2.2  Correct answer: a, b, c, and d. Planners can use a variety of strategies to engage high-level stakeholders so that these very busy individuals can weigh in on appropriate strategic decisions and provide support where needed.

2.3  Correct answer: a, b, c, and d. There are numerous ways to define “recidivism,” which can measure re-arrests, re-incarcerations, or re-convictions (a). Jail bookings (c) are a common measure of recidivism. In order to do any sort of baseline measurement, the group to be measured must be clearly defined, which is why (b) and (d) are necessary. While (e) would provide interesting information about how much the target group is accessing behavioral health services, it is not necessary to calculate recidivism.

2.4  Correct answer: False. A good planning process can take six to nine months in order to identify all stakeholders, map all community needs, and build consensus about the program’s goals. It is common for programs to start small with a couple of participants to try out and then refine policies and procedures. For more discussion on starting with a pilot program, see Module 8: Program Management.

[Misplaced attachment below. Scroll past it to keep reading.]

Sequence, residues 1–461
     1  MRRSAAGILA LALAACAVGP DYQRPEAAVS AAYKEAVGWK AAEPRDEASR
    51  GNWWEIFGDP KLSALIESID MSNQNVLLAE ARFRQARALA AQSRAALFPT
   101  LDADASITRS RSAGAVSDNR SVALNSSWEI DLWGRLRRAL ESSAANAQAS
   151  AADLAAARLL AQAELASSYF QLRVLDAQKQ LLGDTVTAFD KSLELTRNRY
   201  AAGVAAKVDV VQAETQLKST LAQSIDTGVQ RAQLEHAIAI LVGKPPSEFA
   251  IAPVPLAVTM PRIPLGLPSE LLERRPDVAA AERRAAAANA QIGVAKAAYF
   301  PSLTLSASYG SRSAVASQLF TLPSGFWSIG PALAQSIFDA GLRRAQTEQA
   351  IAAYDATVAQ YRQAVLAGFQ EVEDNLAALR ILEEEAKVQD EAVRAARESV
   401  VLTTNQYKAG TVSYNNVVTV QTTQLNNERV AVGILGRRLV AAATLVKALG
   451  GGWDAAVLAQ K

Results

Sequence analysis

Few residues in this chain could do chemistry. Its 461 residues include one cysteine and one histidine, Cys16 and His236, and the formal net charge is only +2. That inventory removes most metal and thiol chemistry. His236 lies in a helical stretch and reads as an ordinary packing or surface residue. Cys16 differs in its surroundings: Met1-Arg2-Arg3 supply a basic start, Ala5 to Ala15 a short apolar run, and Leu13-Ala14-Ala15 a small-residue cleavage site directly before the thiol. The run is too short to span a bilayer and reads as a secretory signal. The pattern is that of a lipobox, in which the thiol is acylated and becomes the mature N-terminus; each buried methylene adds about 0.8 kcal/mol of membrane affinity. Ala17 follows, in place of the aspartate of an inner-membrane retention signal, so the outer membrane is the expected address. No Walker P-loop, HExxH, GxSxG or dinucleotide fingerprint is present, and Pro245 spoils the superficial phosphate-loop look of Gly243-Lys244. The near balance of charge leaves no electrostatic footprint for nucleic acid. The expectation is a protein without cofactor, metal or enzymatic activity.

2.5  Correct answer: d. A careful and complete inventory of available services and supports needs to be conducted during the planning phase and regularly revisited once the program is operational. Program participants’ success and the success of the mental health court largely depend on the capacity to link participants with appropriate services and supports as soon as they are enrolled in the program.

Activities Guide

Additional Resources Policy and Practice Guides

Blandford, Alex M., and Fred C. Osher. A Checklist for Implementing Evidence-Based Practices and Programs (EBPs) for Justice-Involved Adults with Behavioral Health Disorders. Delmar, NY: SAMHSA’s GAINS Center for Behavioral Health and Justice Transformation, 2012. Available at: http://gainscenter.samhsa.gov/cms-assets/documents/73659-994452.ebpchecklistfinal.pdf

This resource contains an easy-to-use checklist to help behavioral health agencies assess their utilization of evidence-based practices and programs (EBPs) associated with positive outcomes for individuals with behavioral health disorders who are involved in the criminal justice system.

Collaborative for the Application of Prevention Technologies. “About the Strategic Prevention Framework.” Substance Abuse and Mental Health Services Administration. n.d. Available at: http://captus.samhsa.gov/access-resources/about-strategic-prevention-framework-spf (accessed September 8, 2012)